I have the last Son Volt, Okemah and the Melody of Riot.  Excellent tunes, great crunchy guitars, definitely worth a listen


There's an even newer new one called The Search that's quite good.  I saw them last summer and really liked them.  Jay Farrar is quite the dour fellow though.
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Caleb
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« Reply #15 on: October 17, 2007, 03:11:03 AM »

There's an even newer new one called The Search that's quite good.  I saw them last summer and really liked them.  Jay Farrar is quite the dour fellow though.
Jay needs a serious dose of my sig line.   
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hibachi5
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« Reply #16 on: October 17, 2007, 04:26:23 AM »

My first post on the Larrivee message board is about wilco and not about my newly acquired OM-50-TSB. yikes. I guess that describes how much I like Wilco.

I own all their albums, plus bonus tracks, the collaboration with Billy Bragg (Mermaid Avenue by the way), have seen them 4 or 5 times over the years and have amassed a great deal of appreciation for them. If you haven't already, get the Sky Blue Sky version with the bonus DVD  -- some great live performances and interviews from the current Wilco incarnation.

As for recommendations, if you're into the rootsy stuff, the previous posts about Being There, AM are spot on. The early Son Volt (Trace and Straightaways) are solid, but I kind of feel that Jay Farrar has been struggling do something interesting since then. I only have Uncle Tupelo's Anodyne, but it is definitely a must own.

These have been mostly covered, so let me also suggest the Wilco Live album, as well as the Jeff Tweedy Live DVD (which also comes with  MP3 tracks). They're a good indication of just how solid the band is LIVE, although the Tweedy solo dvd is probably for the superfans only.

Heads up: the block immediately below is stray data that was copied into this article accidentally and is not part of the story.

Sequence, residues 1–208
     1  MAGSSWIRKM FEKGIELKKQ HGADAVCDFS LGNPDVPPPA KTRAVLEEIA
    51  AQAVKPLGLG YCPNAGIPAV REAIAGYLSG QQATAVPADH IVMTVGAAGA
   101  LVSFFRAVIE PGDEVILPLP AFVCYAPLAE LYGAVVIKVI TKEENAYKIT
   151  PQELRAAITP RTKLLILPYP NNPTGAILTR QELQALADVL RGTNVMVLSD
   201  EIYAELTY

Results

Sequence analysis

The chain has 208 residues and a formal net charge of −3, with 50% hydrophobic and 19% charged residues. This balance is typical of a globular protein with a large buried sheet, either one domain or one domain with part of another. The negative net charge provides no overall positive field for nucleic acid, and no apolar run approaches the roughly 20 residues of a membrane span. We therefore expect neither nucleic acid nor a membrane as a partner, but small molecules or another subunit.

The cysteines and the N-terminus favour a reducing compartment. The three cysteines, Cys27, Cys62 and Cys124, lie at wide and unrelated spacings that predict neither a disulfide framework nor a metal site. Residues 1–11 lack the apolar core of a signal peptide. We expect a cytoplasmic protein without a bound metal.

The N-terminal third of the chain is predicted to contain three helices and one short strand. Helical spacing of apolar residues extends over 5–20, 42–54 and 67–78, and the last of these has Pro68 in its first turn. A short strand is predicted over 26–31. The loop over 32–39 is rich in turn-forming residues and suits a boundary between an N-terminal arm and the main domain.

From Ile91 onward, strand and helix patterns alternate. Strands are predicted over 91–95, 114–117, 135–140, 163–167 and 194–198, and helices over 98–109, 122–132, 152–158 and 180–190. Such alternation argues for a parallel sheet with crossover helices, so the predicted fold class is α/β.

Some more esoteric stuff that may be of interest:

Golden Smog - Weird Tales.... An alt-country super group of sorts, Tweedy, the guy from the Jayhawks, etc. Some fantastic roots rock songs from Tweedy and others.

The Minus 5 - Down With Wilco... Collaboration with wilco. no tweedy singing, but some fantastic songs. As a matter for fact, check out all the Minus 5 stuff. It's the guy who was in Young Fresh Fellows

Loose Fur - s/t & Born Again in the USA - Tweedy and Glen Kotchke (wilco drummer) and the amazing producer/musician Jim O'Rourke (from Wilco, Sonic Youth, also did all the music from School of Rock). It's very loose and interesting and I actually prefer the O'Rourke stuff to Tweedy's.

Anyway, I'm wayyyy to into Wilco. and btw the new Larrivee is beautiful in both sound and appearance
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« Reply #17 on: October 17, 2007, 05:36:10 AM »

I can get into some of the Wilco stuff but not nearly as easily as Son Volt.   As some others have said, Son Volt's earlier efforts were the best in my opinion.  I saw them in a little club in Sacramento, Calif. about the time the Trace album came out and they were pretty solid then.  The songs on "Trace" just stick with me for some reason.  I 'm a sucker for the well-turned phrase and Jay Farrar is a great songwriter.
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Kevinpenguin
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« Reply #18 on: October 17, 2007, 06:03:46 AM »

I really like the latest albums but I don't consider them alt country. Some spots are, but not the record...

AM is in my top five albums ever.  I think I learned alot of my country licks from it. 
Yankee Hotel Foxtrot is also in there. Just a great record. I like listening to it in order. I think it may be one of the last albums that actually made sense that way for me.

I didn't get Wilco for 3 years, and then I saw the movie about Yankee Hotel Foxtrot...  Bought the record... and got hooked instantly. But it did take a couple of years.

I know that there is a Wilco song for every mood I have. Which is nice because I can only think of a few artists like that exist for individual people.

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« Reply #19 on: October 17, 2007, 09:03:45 AM »

Recent pictures of Jeff Tweedy show him playing a 12-fret, probably 000 style guitar.  Anybody know what it is??